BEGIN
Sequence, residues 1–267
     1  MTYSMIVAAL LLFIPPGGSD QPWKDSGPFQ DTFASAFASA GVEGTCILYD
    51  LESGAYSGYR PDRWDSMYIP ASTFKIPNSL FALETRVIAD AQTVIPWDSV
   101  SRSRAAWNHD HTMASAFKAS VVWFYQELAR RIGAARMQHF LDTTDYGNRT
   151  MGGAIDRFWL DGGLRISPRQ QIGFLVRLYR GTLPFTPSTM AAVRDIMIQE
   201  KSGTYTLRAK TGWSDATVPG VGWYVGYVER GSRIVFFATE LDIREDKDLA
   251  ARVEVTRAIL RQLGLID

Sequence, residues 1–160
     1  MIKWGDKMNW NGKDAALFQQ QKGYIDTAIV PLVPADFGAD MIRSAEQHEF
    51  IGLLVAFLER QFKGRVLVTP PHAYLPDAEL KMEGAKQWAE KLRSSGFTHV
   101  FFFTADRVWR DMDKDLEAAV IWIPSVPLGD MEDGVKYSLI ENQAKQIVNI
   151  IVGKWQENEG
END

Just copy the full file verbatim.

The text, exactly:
Sequence, residues 1–267
     1  MTYSMIVAAL LLFIPPGGSD QPWKDSGPFQ DTFASAFASA GVEGTCILYD
    51  LESGAYSGYR PDRWDSMYIP ASTFKIPNSL FALETRVIAD AQTVIPWDSV
   101  SRSRAAWNHD HTMASAFKAS VVWFYQELAR RIGAARMQHF LDTTDYGNRT
   151  MGGAIDRFWL DGGLRISPRQ QIGFLVRLYR GTLPFTPSTM AAVRDIMIQE
   201  KSGTYTLRAK TGWSDATVPG VGWYVGYVER GSRIVFFATE LDIREDKDLA
   251  ARVEVTRAIL RQLGLID

Sequence, residues 1–160
     1  MIKWGDKMNW NGKDAALFQQ QKGYIDTAIV PLVPADFGAD MIRSAEQHEF
    51  IGLLVAFLER QFKGRVLVTP PHAYLPDAEL KMEGAKQWAE KLRSSGFTHV
   101  FFFTADRVWR DMDKDLEAAV IWIPSVPLGD MEDGVKYSLI ENQAKQIVNI
   151  IVGKWQENEG